Turning smart devices into valuable IIoT devices

There are several ways to make a field device or a sensor "smart" and turning them into valuable IIoT devices.

By Suzanne Gill July 24, 2023
Courtesy: Brett Sayles

Traditionally, sensors and actuators were created to be devices with a single function – a proximity sensor detected if an object was in front of it, and a valve actuator opened or closed a valve. In field devices, this single function only later became known as the ‘primary variable.’

“I believe the smart adjective was first applied in 1985 to Fisher Rosemount’s 3051 pressure transmitter, the first digital field device ever produced,” said Steve Biegacki, managing director at FDT Group. The 3051 was the first field device that employed a microprocessor to process the transmitter’s direct measurements and convert them to a standard signal type. Digital signal processing allowed bidirectional data exchange between the transmitter and higher levels in the automation hierarchy, enabling the device to exchange more data than its primary variable and implementing multivariable data transmission and detailed diagnostics information on the transmitter status.

“To enable the smart features of such a device, a device descriptor needs to be integrated into the higher-level systems to inform them about the range of smart functionalities delivered by the device,” Biegacki said. “An example of this functionality could be the FDT/DTM (IEC62453) specification.”

According to Biegacki, applying the smart adjective to a device required the following:

  • The use of a digital microprocessor (usually an ASIC) to collect the transducer’s generated process data and convert it to an industry-standard type of signal.

  • The capacity to transmit more data than the primary variable, preferably using a digital signal encoding method.

  • The support for digitally encoded, bidirectional communications with the control system or an asset management application.

  • The ability to perform continuous self-diagnostics and to transmit that diagnostics status information to the upper levels of the automation hierarchy, thus allowing the possibility of performing pre-emptive maintenance by condition monitoring.

  • The ability to configure, parametrize and commission the device remotely via the control system, an asset management application, or a dedicated programming device.

  • The capacity to exchange all the additional functionality information through the same digital communications channel.

  • The availability of a device descriptor based on a standardized information model architecture to enable unambiguous device detection by higher control levels.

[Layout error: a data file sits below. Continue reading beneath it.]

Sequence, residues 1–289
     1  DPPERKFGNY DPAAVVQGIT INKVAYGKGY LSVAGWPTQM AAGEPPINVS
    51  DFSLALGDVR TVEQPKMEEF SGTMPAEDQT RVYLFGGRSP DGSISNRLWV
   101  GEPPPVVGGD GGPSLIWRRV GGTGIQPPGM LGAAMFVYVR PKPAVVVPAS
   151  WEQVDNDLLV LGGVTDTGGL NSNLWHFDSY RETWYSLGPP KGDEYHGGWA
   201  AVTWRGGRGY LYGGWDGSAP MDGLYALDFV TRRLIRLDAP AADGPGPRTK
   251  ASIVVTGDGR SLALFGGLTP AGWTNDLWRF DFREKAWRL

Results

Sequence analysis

So, it is possible to define an intelligent device as an instrumentation with a certain level of situational awareness of its environment and of itself, along with the ability to exchange that information in digitally encoded, bidirectional communication protocols with the upper levels of the automation hierarchy.

“Additionally, a smart device must be identified unambiguously by the higher-level control systems, asset management, and maintenance systems using a standard information model. By performing this procedure, the device’s behavior can be adapted to different working conditions,” Biegacki said.

IO-Link benefits

Peter Wienzek, business development manager at ifm electronic, agrees that sensors were not born intelligent. “For decades, they offered switch points or analog values only. The development of microprocessor technology with a smaller footprint and less cost enabled manufacturers of automation devices to integrate additional features into their devices,” he said. “With the digitalization of sensors, new smart features became possible. A smart sensor consists of a measuring cell, smart software features and a communication interface such as IO-Link.”

Pointing to the advantages of IO-Link – a serial, bi-directional point-to-point connection for signal transmission and energy supply – Wienzek said: “Smart sensors with IO-Link offer logical data channels, both for cyclic process data and for acyclic device data. A classic example would be process sensors, which, in addition to pressure, flow, consumption or level signals, can also transmit temperature signals, service data and events. The result is an ever larger image of the machine and the process becoming available. It is not just the quantity and heterogeneity of the transmitted sensor data that increases, but also the speed and reliability. Intelligent additional functions are also available – such as automated calibration, drift detection and data conversion – directly from the sensor.

Offering an example of intelligent actuators, Peter highlighted grippers used on robots and in assembly applications. “Electric powered grippers can run with one cable only running power and IO-Link communication. Servo-electric grippers have many options to control gripper positions, gripping force and gripping mode. Due to the bi-directional communication abilities of IO-Link, integrated feedback information from the gripper can also be transmitted via IO-Link to the controller. A gripper is a good example of a hybrid device incorporating actuator functions, sensor functions and a microprocessor for smart control,” he said.

Looking at the vast quantity of IO-Link devices in the IODD-Finder (IO-Device Description) database, IO-Link is a well-used communication interface for smart devices. It ranges from sensors, and actuators to intelligent lights, displays, power supplies, electronic fuses, drives and many more. Every IO-Link device comes with an IODD, where all its features must be documented in a machine-executable XML format. “With this common IODD standard, all IO-Link devices can be deployed by one configuration software, manufacturer-independent,” Wienzek said.

Communication interfaces are key

Peter Lutz, Director Field Level Communications at OPC Foundation, believes that a field device – independent whether it is a sensor or an actuator – can be considered intelligent if it possesses specific capabilities, such as collecting and processing data. “The level of smartness can reach from some basic pre-processing and filtering of data up to highly sophisticated algorithms including machine learning and artificial intelligence,” he said. “However, field devices do not usually work in isolation; they are connected to a wide variety of other devices, which means that connectivity has become one of the key enablers to drive the digital transformation.”